Richardson Evans

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The Kier, 2016

Richardson Evans (5 April 1846 – 10 May 1928) was a British civil servant, journalist and author.[1]

Evans served in the Indian Civil Service, for North-Western Provinces from 1867 to 1876, after which he worked in London as a journalist.[1][2]

From the 1880s onwards, Evans campaigned to limit advertising in the fields alongside railway lines, to save the view of the Thames from Richmond Hill, and similar causes. He was the principal founder in 1903 of the John Evelyn Club, now known as the Wimbledon Society, and was its secretary until 1920.[2]

He was a founding member of the Wimbledon 1914 Choral Society, now the Wimbledon Choral Society, and its first president, until 1919.[3]

He lived at The Kier, a Grade II listed house on the west side of Wimbledon Common.[2]

The Richardson Evans Memorial Playing Fields (REMPF) are named in his honour.[4]

There is also a memorial plaque on Owler Tor in the Peak District stating ‘This viewpoint and 25 acres around forming part of the Longshaw Estate are given in memory of Richardson Evans 1846-1928. One who greatly loved the beauty of this world and strove by thought and deed to preserve that beauty for others that they,say build from age to age and undefined heritage.’ The quotation is from ‘The Children’s Song’ from Puck of Pook’s Hill by Rudyard Kipling, better known by its first line, ‘Land of our Birth, we pledge to thee’.     Reporting the ceremony handing over the Deeds of Longshaw to the National Trust on 27 June, the Sheffield Telegraph stated the following:   ‘A part of the estate, covering 25 acres, consisting of Owler Tor, a view-point near the Hathersage Road, and surrounding Land, will always be a memorial to the late Mr Richardson Evans, a pioneer in the work of preserving natural beauty, and a founder of the Scapa Society, his widow having given £500 to the fund on condition that his name was associated with it in this way.’ (Sheffield Daily Telegraph 29 June 1931)   The Scapa Society (Society for Checking the Abuses in Public Advertising) was ‘the first organized reaction against advertising’.   In October 1890 a magazine called The National Review contained an article by Richardson Evans entitled ‘The Age of Disfigurement’.     ‘It took the form of a vigorous attack on the various abuses which had arisen through the indiscriminate use of posters and advertising signs which he believed ‘are efficacious very often in proportion to the annoyance they cause’.     Evans believed there should be regulation to allow local bodies to control advertising,  ‘to schedule scenes of remarkable beauty or interest and to protect them from desecration by a general Act’, to tax posters and to boycott goods which were ‘offensively advertised’.   (Terry Nevett  http://mcs.sagepub.com/content/3/2/179.extract)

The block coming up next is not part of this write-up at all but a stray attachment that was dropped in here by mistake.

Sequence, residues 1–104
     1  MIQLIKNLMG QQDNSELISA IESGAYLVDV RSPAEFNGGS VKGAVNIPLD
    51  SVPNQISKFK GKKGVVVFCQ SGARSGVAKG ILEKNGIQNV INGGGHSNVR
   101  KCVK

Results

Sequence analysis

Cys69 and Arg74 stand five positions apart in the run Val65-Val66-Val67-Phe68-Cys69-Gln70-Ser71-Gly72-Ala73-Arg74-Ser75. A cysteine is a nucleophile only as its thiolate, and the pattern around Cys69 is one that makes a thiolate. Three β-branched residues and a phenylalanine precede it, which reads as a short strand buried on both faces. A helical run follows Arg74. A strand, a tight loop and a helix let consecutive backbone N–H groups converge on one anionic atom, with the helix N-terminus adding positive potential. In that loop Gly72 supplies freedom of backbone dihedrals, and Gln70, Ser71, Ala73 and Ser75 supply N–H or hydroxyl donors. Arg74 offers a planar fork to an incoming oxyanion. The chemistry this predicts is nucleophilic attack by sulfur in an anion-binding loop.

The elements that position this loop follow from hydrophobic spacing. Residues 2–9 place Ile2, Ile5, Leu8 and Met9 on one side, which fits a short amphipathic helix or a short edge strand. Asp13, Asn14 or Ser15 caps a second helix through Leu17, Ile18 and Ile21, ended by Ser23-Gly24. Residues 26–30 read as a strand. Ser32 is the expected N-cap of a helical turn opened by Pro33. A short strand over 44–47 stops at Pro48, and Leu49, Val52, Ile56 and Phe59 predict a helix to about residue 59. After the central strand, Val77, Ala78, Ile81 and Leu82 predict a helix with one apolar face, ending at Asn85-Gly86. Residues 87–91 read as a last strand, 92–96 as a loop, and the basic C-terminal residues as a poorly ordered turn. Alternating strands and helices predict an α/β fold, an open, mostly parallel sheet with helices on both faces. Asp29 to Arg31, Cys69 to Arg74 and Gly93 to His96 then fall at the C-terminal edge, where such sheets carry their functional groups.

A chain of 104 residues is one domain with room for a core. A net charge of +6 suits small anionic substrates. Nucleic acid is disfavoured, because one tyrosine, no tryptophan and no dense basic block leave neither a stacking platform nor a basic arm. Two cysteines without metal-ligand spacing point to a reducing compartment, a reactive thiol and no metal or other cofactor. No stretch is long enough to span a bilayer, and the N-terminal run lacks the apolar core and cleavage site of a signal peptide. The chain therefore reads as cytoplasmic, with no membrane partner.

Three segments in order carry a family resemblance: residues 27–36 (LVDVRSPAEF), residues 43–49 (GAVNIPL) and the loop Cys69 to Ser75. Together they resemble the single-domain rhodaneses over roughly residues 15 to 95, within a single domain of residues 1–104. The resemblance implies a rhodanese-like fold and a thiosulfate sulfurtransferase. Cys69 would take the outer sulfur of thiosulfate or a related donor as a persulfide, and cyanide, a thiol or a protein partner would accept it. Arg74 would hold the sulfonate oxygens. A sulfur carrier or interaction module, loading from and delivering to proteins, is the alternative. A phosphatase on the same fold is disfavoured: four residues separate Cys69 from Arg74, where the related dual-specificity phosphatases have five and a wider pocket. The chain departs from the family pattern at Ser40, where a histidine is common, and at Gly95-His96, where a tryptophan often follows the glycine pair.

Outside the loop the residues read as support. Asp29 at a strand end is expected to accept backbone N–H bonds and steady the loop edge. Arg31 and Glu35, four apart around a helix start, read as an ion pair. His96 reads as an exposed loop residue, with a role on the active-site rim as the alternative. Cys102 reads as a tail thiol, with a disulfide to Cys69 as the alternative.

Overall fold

References[edit]

  1. ^ a b "Papers of Richardson Evans (1846-1928), Indian Civil Service, North-Western Provinces... | The National Archives". Discovery.nationalarchives.gov.uk. Retrieved 2016-07-24.
  2. ^ a b c "Richardson Evans (1846-1928)". Wimbledonmuseum.org.uk. Retrieved 2016-07-24.
  3. ^ "Wimbledon Choral Society : History". Wimbledon-choral.org.uk. 2018-10-17.
  4. ^ "Richardson Evans Memorial Playing Fields - Wimbledon and Putney Commons". Wpcc.org.uk. Retrieved 2016-07-24.